and provide an empirical illustration of combining them. In such a state of nature. the role of survey information in forecasting (7.6). Hendry and Mizon (2000a) note that neither econometric models nor time-series predictors alone are adequate. attempts to forecast rare events (7.10). but in this section.1). Thus. Since shifts in policy regimes correspond to post-forecasting breaks for extrapolative devices. sequences of forecasts are made from successive forecast origins.current practice in all four areas. multi-step estimation for multi-step forecasting (7. the very breaks that are least harmful in forecasting are most detrimental for policy advice. 7. 6. Since Hendry and Mizon (2000b) also list a range of well-known problems with impulse-response analyses. Thus. and the closely related issue of: leading indicators in forecasting (7.5). The second holds because forecast failure reﬂects unanticipated deterministic shifts.1 Pre-testing for intercept corrections In real time.7). and various actions taken in the event of rejection.3). pooling of forecasts and forecast encompassing (7. and rarely has any implications for economic-policy analysis. and • forecast failure is insufﬁcient to reject a policy model.4 Impulse-response analyses The difﬁculty of detecting shifts in policy-relevant parameters has adverse implications for impulseresponse analyses. intercept corrections could improve forecast performance without changing policy advice.9). so may not represent the correct policy outcomes. the advantages of explicitly checking co-breaking for forecasting (7. full-sample estimates become a weighted average of the different regimes operating in sub-samples. for each of which the constancy of the model may be questioned. conﬁrming their argument. so changes in their intercepts and coefﬁcients may not be detected even if tested for.2). discriminating measurement errors from innovation shifts (7. In this ECB • Working Paper No 82 • October 2001 17 .4). we are primarily concerned with the role of forecast performance in selecting policy models. The ﬁrst holds because the class of models that ‘wins’ forecasting competitions is usually badly mis-speciﬁed in econometric terms. inter-forecast smoothing (7. it is clear that more reliable approaches are urgently required. Moreover. neither forecast success nor failure entails either good or bad policy advice: policy models need policy evaluation. We consider these in turn. modelling shifts (7. about which they draw two main conclusions: • being the ‘best’ forecasting model does not justify its policy use. lacking both target variables and policy instruments. Many vector autoregressions (VARs) are formulated in the differences of economic variables.8). 7 Ten areas in need of improved understanding Ten inter-related areas where analytical insights may yield substantial beneﬁts are: (1) (2) (3) (4) (5) (6) (7) (8) (9) (10) pre-testing for the inclusion of intercept corrections (7. which need not (but could) affect policy conclusions.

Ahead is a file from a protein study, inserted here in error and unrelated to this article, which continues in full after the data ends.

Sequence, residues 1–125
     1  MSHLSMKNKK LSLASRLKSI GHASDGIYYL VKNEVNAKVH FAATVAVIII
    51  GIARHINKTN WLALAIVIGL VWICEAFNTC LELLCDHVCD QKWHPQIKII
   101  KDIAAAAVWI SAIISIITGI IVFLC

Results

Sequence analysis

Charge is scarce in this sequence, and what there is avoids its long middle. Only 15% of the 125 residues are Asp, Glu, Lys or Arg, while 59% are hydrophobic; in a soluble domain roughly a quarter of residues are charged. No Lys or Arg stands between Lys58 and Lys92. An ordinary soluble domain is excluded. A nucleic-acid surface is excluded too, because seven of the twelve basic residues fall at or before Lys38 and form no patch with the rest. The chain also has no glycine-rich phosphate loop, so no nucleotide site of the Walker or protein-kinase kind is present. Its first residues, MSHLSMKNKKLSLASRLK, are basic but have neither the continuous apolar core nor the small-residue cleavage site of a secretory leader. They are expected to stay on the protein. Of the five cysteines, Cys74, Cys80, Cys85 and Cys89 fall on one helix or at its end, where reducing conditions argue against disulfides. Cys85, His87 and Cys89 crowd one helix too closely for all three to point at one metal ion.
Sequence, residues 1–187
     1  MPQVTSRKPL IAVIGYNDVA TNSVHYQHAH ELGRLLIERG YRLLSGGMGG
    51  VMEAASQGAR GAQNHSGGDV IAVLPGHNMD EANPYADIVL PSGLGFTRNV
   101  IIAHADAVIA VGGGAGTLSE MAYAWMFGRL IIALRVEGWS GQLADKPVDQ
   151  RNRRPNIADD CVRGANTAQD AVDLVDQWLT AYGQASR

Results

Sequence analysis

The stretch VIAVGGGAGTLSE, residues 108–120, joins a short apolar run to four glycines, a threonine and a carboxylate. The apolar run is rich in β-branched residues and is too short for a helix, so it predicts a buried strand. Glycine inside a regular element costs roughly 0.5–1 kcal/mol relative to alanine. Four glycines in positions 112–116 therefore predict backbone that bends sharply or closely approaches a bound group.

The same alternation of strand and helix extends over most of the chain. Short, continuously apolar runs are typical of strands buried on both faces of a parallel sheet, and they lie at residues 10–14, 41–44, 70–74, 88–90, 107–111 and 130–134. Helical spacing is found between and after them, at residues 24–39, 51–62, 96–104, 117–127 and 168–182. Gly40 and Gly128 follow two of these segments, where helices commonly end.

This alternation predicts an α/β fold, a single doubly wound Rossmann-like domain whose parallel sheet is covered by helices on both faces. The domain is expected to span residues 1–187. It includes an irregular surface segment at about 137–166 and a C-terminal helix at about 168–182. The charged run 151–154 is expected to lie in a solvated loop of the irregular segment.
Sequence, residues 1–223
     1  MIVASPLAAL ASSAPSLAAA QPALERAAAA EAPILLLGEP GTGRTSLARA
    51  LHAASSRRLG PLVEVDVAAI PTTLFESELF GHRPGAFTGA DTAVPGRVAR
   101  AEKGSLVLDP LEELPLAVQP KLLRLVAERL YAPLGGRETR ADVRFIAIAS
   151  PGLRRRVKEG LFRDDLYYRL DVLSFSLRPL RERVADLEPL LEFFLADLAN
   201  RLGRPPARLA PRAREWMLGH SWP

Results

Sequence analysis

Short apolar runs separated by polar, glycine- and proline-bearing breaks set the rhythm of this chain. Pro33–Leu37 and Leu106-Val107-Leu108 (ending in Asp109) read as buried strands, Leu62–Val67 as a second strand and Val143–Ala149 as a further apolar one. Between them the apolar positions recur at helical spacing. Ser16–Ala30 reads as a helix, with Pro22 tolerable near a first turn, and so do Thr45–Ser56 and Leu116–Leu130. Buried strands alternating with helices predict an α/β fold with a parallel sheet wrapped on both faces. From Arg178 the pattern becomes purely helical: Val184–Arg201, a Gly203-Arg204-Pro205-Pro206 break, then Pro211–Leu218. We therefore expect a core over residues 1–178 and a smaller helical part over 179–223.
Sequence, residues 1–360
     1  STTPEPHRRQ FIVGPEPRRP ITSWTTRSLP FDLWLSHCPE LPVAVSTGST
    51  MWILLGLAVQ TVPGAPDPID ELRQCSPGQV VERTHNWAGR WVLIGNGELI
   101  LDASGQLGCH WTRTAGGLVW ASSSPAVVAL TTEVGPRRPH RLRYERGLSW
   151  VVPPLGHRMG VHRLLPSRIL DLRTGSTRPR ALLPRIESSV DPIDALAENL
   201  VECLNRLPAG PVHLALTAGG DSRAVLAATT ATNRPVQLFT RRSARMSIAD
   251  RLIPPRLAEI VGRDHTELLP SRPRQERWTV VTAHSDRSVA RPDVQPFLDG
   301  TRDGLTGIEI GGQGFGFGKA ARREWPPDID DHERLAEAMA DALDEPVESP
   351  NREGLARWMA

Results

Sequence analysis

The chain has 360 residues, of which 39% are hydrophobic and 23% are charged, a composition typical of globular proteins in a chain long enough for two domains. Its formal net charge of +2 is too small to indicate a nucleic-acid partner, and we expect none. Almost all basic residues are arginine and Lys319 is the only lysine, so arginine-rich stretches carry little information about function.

One testing strategy is the repeated application of one-off tests for structural change. depending on whether the dummy variable is assumed to take the value of unity or zero over the period {T + 1. or an impulse. . but it is also likely that the sequential tests will lack power when breaks do occur. The constant adjustment does much less well than an impulse. Stinchcombe and White (1996) monitor for structural change as new observations accrue. Clements and Hendry (2001g) take just this set up. Whether or not it is costly to falsely reject constancy will in part depend on the form of the intervention to be made. assuming l = 1). There are then two possibilities: a constant adjustment and an impulse adjustment. the constancy test should be more likely to reject. and partly on the ‘permanence’ of the break. l. that is. the correction only affects the estimated parameters (by ignoring the period T observation when l = 1). 18 ECB • Working Paper No 82 • October 2001 . Alternatively.. forecast origins) goes to inﬁnity. so the possibility of testing for structural change. this form of intervention is equivalent to estimating the model on data up to time T − 1. and Test 1 is somewhat better than Test2 . and series of 1 to h-step ahead forecasts are made at each of a sequence of forecast origins. arises afresh. As doing so should improve in-sample ﬁt. The overall size of a sequence of repeated tests will approach unity as the number of applications (i. Thus. . and a dummy variable is added for each forecast origin at which constancy was rejected. using a more stringent signiﬁcance level has little effect. and the type of shock. rather than a step shift. (1996) sequential CUSUM test has the correct asymptotic size by construction. In the second case.e. either the purely model-based forecasts or the interceptcorrected forecasts – based on whether or not a test on h 1-step forecasts up to the forecast origin is signiﬁcant – is selected. .. a correction is applied based on the last l errors. Clements and Hendry (2001g) consider two strategies that employ pre-tests of parameter constancy. in which case. Their ﬁrst forecast origin is 1969:4 with a maximum horizon of 8 quarters which generates 118 sequences of 1 to 8-step ahead forecasts. conversely. A full investigation needs to be undertaken – here we report an example based on the repeated application of one-off tests. and setting l = 1. or is a VEqCM (e. If a break is signalled.g. The timing. where the issue of interest is whether pre-testing for a break can yield gains relative to their blanket application or. no intervention. Figure 1 reports the MSFEs for S across the various strategies when l = 4 (similar results hold when l = 1). the sequential testing procedures of Chu. forecasts are generated from a model corrected by the vector of in-sample errors at period T (again. . The second strategy retains information on all previous constancy rejections (Test 2 ). namely whether the model is in levels. Such a strategy is implemented by augmenting the model with a dummy variable which takes values of unity in the last l periods. One possible strategy is automatic IC. by making a correction to the equations’ intercepts based on the most recently observed errors. the trade-off between forecast-error bias reduction and variance increases. of the ﬁrst unit value in the dummy will depend on the point at which the break occurred. when the dummy variable is zero over the forecast period. They examine the performance of a four-lag VAR for output growth ∆y and the spread S (between 1 year and 3 month Treasury Bill rates) from 1959:3 to 2001:1. differences. the forecasts are set ‘back on track’. the last choice needs to reﬂect that an end-of-sample outlier may be a measurement error. In the ﬁrst (Test1 ). In particular. a dummy is added for the last l periods up to the forecast origin as with the other strategy. for a forecast origin T . at each forecast origin. and the action to be taken if it is detected. T + h}.section we consider ‘model adaptation’ using the simple expedient of an intercept correction. In the ﬁrst case. whereby at each forecast origin. constant adjustments are likely to be a better response to equilibrium-mean shifts in VEqCMs). . it is slightly better to test than always correct. The ‘historical sample’ lengthens by one observation each time the forecast origin moves forward. The form of the recommended correction will partly depend on the model. whereas the Chu et al. forecasting is an ongoing venture.